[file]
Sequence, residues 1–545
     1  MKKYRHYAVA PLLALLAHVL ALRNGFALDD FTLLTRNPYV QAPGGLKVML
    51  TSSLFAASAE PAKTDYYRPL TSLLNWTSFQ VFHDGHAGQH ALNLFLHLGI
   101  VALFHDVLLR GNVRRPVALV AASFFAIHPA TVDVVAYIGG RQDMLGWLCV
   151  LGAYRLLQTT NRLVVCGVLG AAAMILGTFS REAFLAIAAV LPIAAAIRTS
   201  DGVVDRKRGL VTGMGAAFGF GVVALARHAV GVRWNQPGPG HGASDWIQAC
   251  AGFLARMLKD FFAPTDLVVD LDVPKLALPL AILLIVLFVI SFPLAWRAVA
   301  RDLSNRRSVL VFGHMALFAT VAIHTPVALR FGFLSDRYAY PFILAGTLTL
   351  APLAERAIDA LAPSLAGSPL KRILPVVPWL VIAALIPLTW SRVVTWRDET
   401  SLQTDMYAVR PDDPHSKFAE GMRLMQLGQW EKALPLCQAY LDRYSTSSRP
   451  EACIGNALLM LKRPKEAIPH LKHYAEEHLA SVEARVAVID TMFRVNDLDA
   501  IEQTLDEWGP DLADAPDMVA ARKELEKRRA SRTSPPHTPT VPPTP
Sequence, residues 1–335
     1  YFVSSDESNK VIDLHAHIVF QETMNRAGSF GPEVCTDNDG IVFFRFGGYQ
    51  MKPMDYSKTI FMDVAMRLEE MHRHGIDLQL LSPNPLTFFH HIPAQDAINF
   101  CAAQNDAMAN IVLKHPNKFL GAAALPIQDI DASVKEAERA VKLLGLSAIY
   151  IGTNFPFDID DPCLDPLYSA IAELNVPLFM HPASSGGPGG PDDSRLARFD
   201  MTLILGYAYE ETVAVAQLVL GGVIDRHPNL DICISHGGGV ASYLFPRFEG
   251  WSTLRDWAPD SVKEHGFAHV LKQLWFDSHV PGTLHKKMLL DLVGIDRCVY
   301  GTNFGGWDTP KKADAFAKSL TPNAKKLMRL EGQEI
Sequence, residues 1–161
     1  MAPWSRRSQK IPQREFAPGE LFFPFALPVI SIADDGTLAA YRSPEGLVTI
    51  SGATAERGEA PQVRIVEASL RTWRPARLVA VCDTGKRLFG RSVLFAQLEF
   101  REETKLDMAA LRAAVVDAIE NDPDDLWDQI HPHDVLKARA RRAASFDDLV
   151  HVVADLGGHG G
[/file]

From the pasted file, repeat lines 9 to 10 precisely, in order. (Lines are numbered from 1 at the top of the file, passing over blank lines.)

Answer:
   351  APLAERAIDA LAPSLAGSPL KRILPVVPWL VIAALIPLTW SRVVTWRDET
   401  SLQTDMYAVR PDDPHSKFAE GMRLMQLGQW EKALPLCQAY LDRYSTSSRP